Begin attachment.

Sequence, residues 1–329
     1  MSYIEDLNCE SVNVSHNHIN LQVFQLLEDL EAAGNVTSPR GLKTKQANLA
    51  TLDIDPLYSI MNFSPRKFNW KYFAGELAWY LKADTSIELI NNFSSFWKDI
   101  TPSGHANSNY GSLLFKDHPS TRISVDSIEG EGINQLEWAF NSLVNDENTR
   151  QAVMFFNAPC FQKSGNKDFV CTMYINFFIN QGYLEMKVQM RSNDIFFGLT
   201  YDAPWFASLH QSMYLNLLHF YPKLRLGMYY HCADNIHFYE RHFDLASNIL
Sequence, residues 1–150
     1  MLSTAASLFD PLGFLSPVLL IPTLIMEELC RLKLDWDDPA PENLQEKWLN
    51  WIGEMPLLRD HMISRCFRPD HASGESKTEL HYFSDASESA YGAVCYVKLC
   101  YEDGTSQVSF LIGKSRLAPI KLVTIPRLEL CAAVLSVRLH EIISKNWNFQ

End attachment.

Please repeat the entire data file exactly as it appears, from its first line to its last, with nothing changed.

Sequence, residues 1–329
     1  MSYIEDLNCE SVNVSHNHIN LQVFQLLEDL EAAGNVTSPR GLKTKQANLA
    51  TLDIDPLYSI MNFSPRKFNW KYFAGELAWY LKADTSIELI NNFSSFWKDI
   101  TPSGHANSNY GSLLFKDHPS TRISVDSIEG EGINQLEWAF NSLVNDENTR
   151  QAVMFFNAPC FQKSGNKDFV CTMYINFFIN QGYLEMKVQM RSNDIFFGLT
   201  YDAPWFASLH QSMYLNLLHF YPKLRLGMYY HCADNIHFYE RHFDLASNIL
Sequence, residues 1–150
     1  MLSTAASLFD PLGFLSPVLL IPTLIMEELC RLKLDWDDPA PENLQEKWLN
    51  WIGEMPLLRD HMISRCFRPD HASGESKTEL HYFSDASESA YGAVCYVKLC
   101  YEDGTSQVSF LIGKSRLAPI KLVTIPRLEL CAAVLSVRLH EIISKNWNFQ